For centuries, farming has been an inherently exploitative process. Processes such as tilling (a type of drainage system that removes excess water from soil below its surface) and pesticides have led to soil erosion. As a result, this has damaged our ecology, health, and climate. The documentary proposes a solution called ‘regenerative agriculture.’ This is an ethical practice that encourages one to put back into the soil what you take out through farming practices. Regenerative agriculture aims to capture carbon in soil and  aboveground biomass, reversing current global trends of atmospheric accumulation. At the same time, it offers increased yields, resilience to climate instability, and higher health and vitality for farming and ranching communities.

According to Agatha, healthy soils are a real solution for climate change: “Healthy soils increase biodiversity above and below the soil surface while increasing both water holding capacity and sequestering carbon at greater depths, thus drawing down climate-damaging levels of atmospheric CO2, and improving soil structure to reverse civilization-threatening human-caused soil loss.”

The documentary, which is currently screening on Netflix, highlights the differences in traditional and regenerative agricultural farming results. In one scene, a regenerative rancher in North Dakota stands on the boundary between his lush acreage and his neighbor’s arid farmland. The message is clear: there is hope, but the change starts with us.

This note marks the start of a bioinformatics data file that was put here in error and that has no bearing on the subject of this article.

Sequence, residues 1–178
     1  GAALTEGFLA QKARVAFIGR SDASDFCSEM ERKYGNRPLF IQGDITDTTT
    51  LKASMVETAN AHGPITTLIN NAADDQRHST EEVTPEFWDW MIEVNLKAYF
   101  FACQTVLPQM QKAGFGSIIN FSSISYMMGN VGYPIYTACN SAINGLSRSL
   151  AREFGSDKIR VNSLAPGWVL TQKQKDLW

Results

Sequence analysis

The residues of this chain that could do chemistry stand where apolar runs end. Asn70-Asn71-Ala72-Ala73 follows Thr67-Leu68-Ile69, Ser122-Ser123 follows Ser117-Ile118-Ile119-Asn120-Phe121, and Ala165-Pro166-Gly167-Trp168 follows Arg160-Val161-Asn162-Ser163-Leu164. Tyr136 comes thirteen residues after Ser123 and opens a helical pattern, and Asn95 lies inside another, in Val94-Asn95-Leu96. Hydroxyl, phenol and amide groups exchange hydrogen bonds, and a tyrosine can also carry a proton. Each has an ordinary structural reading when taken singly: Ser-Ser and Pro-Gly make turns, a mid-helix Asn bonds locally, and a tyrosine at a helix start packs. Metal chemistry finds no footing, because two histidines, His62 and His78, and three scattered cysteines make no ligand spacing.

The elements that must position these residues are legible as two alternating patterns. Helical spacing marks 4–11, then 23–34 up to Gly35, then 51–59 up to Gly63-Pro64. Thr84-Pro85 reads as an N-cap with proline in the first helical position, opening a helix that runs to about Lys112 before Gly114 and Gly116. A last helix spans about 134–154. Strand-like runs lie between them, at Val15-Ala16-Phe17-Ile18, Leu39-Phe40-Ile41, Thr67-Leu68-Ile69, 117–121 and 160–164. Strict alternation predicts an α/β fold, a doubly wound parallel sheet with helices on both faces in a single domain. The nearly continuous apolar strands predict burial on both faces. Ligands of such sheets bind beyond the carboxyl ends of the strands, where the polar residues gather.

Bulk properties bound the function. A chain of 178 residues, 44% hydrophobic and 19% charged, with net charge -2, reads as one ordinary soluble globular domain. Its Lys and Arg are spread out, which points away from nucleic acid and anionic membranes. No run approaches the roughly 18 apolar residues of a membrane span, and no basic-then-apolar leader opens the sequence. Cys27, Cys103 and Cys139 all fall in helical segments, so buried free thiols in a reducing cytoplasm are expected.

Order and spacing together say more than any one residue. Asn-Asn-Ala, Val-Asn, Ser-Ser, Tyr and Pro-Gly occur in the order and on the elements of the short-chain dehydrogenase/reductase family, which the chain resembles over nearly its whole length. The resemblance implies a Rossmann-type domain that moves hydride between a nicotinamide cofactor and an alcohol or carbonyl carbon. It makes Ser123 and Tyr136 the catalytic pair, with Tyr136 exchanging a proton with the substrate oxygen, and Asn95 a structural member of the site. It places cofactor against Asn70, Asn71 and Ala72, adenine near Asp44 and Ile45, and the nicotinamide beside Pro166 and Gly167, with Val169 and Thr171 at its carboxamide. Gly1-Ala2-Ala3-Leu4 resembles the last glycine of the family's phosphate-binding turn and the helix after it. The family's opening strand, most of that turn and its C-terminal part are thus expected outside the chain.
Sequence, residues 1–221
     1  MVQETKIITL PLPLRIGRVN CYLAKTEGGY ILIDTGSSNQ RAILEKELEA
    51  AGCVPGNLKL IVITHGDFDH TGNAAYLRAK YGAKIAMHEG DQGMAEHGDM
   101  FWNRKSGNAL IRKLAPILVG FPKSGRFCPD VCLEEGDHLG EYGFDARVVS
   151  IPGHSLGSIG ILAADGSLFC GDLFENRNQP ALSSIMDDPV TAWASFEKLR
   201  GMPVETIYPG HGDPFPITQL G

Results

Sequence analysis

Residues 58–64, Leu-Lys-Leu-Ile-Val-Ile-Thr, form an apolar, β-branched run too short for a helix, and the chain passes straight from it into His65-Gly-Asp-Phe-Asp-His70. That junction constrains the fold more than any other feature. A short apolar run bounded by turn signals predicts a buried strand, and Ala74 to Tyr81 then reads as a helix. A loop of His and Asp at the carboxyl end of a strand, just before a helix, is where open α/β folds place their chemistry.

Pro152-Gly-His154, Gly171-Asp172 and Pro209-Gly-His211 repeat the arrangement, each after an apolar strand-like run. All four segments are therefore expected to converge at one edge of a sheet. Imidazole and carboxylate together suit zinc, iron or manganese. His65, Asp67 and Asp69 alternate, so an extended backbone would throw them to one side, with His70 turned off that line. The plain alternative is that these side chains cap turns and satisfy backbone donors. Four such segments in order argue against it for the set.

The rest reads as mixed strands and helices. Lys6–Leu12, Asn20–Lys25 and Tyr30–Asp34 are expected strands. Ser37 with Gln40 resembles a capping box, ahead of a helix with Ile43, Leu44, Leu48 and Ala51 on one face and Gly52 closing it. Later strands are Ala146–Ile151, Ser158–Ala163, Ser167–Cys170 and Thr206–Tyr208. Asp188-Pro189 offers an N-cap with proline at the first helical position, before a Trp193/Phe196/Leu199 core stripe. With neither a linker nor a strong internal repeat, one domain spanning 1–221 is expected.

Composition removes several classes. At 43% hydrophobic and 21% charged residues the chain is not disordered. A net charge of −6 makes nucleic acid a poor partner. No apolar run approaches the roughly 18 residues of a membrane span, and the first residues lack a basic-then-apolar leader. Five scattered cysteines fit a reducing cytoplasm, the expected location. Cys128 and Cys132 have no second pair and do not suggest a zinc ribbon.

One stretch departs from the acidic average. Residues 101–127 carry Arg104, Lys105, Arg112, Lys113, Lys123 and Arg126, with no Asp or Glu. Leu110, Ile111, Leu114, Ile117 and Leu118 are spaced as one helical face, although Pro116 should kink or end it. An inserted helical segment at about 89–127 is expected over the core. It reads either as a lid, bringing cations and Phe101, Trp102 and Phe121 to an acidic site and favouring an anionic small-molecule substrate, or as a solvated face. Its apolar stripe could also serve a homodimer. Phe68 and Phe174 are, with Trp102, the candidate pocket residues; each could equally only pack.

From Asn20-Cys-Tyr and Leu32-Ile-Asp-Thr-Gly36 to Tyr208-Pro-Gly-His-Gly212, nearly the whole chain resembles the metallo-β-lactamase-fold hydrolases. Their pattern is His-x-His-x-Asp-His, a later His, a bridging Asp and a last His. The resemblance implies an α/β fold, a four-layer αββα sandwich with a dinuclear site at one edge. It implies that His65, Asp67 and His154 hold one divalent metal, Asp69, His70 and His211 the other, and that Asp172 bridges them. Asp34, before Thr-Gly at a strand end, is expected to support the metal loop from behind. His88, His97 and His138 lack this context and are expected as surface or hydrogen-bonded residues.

Kiss the Ground & Get Kind of Wild!

Kiss the Ground was founded in 2013, but 2020 was a watershed year for both organizations as Kind of Wild was founded and Kiss the Ground’s documentary movie was released.

Kiss the Ground is a nonprofit organization that has since become a Kind of Wild wines environmental partner. When Kind of Wild launched in April 2021, it was a first for the US wine market. The brand offers customers a global collection of certified organic and vegan wine discoveries delivered directly to your doorstep to support winemakers that farm healthy soils. Kind of Wild’s dedication to sustainable farming extends to all elements of the brand. All our wines are made with grapes grown on certified organic vineyards and are certified vegan (produced without animal products for fining). They are low in sulfur, and all growers are encouraged to incorporate regenerative farming practices in their organic vineyards to benefit soil health. In addition, Kind of Wild has committed to donating at least 1% of its revenue to partner environmental foundations such as Kiss The Ground + Organic Farming Research Foundation that promote and provide support for organic and regenerative farming.

If the concept of terroir is anything to go by, then besides a particular region’s climate, soils, and aspect, it’s the impact of the human hand that truly affects the taste of wine. It is an undeniable symbiotic relationship. At Kind of Wild wines, we believe terroir can be quite fragile, and poor viticultural and winemaking practices can negatively interfere and ultimately obscure the terroir expression. As we are determined to produce the highest quality wines, we view it as our role to work in collaboration with nature to rewild it – one glass at a time.